Pfeifer said he believes DeLaughter started the rumors to "lead the trail away from himself" because he "was the engineer of the arson."

If the suitcase was planted at the scene, said Pfeifer, "it was very coldly thought out as a scheme. I don't think DeLaughter wanted Morris to burn up in the place. But he could have wanted to have evidence that Morris was doing crooked things" and make it appear "that the arson was retaliation by competitive bootleggers."

THE NATCHEZ CONNECTION: In 1967, McDaniel, the Natchez Klan leader, told the bureau that after the fire he asked Morace, the Ferriday Klansman, why "they had killed" Morris. McDaniel said Morace answered: "That smart son of a bitch made us kill him." He said Morace also told him that if he (Morace), James Scarborough of Ferriday, Tommie Lee Jones and Thore L. "Tog" Torgerson, both of Natchez, were arrested that McDaniel should immediately bond them out of the Concordia Parish jail. McDaniel indicated he assumed these four men committed the crime although none made an admission.

The four were identified by the bureau as members of the Silver Dollar Group, a militant Klan offshoot dedicated to fighting Civil Rights with violence. All four men had been linked to wrecking crews -- Klan hit squads that carried out attacks.

The FBI appeared close to turning Jones into an informant in 1967. He admitted involvement in several crimes, including Klan-sponsored beatings of black men and attempting to intimidate white employers into firing black workers. When Jones began to talk to the bureau, word got back to Silver Dollar Group members, who considered killing Jones. Before long, Jones hired a lawyer. He adamantly denied involvement in the Morris arson. Jones told agents that if they arrested him for the Morris murder they would also have to arrest DeLaughter, adding that the deputy was heavily involved in Klan activities.

In 1967, agents reinterviwed the two police officers who took Morris to the hospital. Lofton, who has since died, told the bureau DeLaughter was his "enemy" and "the worse kind of human...of low moral character...capable of any criminal act," including the Morris arson. Sewell agreed but said he couldn't prove it.

Pfeifer said that during the 1960s not a single source in Concordia Parish reported hearing anyone admit to the crime: "None of the perpetrators ever said, 'I did it.'"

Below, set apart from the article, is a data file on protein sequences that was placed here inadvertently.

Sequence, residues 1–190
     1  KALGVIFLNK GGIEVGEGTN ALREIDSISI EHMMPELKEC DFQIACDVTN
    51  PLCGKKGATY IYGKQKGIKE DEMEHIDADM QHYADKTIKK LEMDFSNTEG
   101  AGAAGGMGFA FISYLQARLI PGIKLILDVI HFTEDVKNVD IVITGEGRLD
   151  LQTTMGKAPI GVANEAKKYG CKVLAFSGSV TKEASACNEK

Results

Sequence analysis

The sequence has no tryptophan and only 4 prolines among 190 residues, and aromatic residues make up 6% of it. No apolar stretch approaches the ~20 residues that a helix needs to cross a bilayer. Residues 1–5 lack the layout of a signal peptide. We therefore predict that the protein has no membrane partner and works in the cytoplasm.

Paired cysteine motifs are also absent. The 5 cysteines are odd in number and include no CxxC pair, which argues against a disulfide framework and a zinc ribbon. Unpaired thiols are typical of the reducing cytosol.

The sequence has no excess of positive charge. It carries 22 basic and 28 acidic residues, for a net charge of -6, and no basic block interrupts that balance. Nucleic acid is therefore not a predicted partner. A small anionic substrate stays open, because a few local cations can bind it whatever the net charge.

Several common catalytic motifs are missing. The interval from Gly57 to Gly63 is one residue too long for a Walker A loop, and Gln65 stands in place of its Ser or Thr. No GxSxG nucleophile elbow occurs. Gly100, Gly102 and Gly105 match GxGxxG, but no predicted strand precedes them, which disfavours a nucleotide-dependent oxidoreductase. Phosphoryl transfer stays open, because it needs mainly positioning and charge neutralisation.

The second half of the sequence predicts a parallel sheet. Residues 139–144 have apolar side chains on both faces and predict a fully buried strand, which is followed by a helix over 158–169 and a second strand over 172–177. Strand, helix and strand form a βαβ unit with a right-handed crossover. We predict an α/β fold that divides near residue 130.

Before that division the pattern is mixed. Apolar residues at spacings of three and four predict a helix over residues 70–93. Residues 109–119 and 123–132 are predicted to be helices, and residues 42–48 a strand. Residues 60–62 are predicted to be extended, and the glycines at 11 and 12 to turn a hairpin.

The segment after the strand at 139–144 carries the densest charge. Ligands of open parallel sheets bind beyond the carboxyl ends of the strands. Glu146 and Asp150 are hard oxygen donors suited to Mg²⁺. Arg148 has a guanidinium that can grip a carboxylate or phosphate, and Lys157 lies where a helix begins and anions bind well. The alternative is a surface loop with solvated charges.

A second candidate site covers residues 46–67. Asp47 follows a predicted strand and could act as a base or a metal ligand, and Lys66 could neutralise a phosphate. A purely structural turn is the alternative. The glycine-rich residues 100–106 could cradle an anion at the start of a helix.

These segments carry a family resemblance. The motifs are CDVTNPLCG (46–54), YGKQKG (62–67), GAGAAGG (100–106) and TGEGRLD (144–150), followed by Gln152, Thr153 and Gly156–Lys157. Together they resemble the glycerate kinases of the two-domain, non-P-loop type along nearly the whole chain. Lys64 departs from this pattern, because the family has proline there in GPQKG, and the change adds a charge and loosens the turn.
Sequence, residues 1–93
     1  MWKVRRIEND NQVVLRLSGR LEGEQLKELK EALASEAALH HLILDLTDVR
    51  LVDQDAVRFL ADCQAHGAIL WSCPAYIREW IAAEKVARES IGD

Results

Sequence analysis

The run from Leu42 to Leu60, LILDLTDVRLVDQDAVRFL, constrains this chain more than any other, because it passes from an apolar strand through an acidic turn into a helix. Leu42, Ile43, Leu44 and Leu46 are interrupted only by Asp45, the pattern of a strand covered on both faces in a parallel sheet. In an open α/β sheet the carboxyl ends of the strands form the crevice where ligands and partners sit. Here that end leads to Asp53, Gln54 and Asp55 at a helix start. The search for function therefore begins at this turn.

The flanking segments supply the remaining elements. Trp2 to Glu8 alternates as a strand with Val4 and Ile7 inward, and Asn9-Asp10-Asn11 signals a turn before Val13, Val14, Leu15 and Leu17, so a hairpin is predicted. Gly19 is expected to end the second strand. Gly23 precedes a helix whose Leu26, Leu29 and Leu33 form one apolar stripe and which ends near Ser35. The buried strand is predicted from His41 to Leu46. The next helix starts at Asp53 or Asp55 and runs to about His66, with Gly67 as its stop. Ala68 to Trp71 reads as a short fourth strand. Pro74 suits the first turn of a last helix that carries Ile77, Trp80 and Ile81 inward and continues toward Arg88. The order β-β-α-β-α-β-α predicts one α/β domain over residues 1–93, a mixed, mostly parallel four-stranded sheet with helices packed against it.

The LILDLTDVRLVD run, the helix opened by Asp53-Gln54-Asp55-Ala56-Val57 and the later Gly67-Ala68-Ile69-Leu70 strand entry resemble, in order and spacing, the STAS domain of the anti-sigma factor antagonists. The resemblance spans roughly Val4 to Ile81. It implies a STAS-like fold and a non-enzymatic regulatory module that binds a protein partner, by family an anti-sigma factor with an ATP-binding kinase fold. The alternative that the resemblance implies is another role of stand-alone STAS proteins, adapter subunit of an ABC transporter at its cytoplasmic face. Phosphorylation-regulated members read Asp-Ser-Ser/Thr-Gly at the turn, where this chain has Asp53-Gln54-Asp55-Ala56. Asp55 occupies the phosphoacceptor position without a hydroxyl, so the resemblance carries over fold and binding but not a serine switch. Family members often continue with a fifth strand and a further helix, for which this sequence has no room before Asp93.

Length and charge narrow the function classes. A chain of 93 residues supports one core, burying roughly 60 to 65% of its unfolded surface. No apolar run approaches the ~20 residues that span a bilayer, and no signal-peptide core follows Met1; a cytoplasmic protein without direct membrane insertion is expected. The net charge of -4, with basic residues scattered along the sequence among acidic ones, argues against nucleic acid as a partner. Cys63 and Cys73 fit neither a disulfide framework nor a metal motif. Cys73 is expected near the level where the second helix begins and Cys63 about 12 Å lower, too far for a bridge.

NEW INFORMATION 2009: For more than four decades, the Morris case file seemed destined for dust. But in 2007, the U.S. Department of Justice reopened the case.

Two years later, Bill Frasier of Minden, heard about it. He told the Sentinel he immediately recalled a conversation he'd had with his brother-in-law in the late 1960s while the two were working for a pipeline company.

Frasier said the man -- Leonard Spencer of Rayville -- said he was involved in the arson of a black-owned business in Ferriday. Frasier said Spencer also indicated that a Klansman named Coonie Poissot, the man with DeLaughter the day before the arson, was also involved.

Frasier said that although he thought Spencer was "just blowing" in the 1960s, he visited the FBI's Monroe office in the summer of 2009 -- two and one-half years ago -- and told the bureau what he knew.

His sister, Brenda Rhodes, told the Sentinel last year that she was married to Leonard Spencer in the 1960s. She said that in the early 1970s, following her break-up with Spencer, she renewed a friendship with a man she had first met years earlier at her mother's truck stop in Tallulah, La. She identified that man as Coonie Poissot.

Rhodes said that one day in the kitchen of her home at Minden, Poissot began talking about his involvement in an arson in Ferriday. She said Poissot also identified her ex-husband, Spencer, as a participant in the arson. Rhodes recalled that Poissot said no one was suppose to be in the shop that night and the perpetrators were surprised when a black man came to the front of the building.

Spencer's son, William "Boo" Spencer, told the Sentinel in 2010 he has heard his father talk about the arson, too.

Interviewed by the Sentinel in the summer of 2010, Leonard Spencer admitted to having been a Klansman in the 1960s and discussed how Klan wrecking crews worked. But he adamantly denied knowing Connie Poissot or anything about the Morris arson.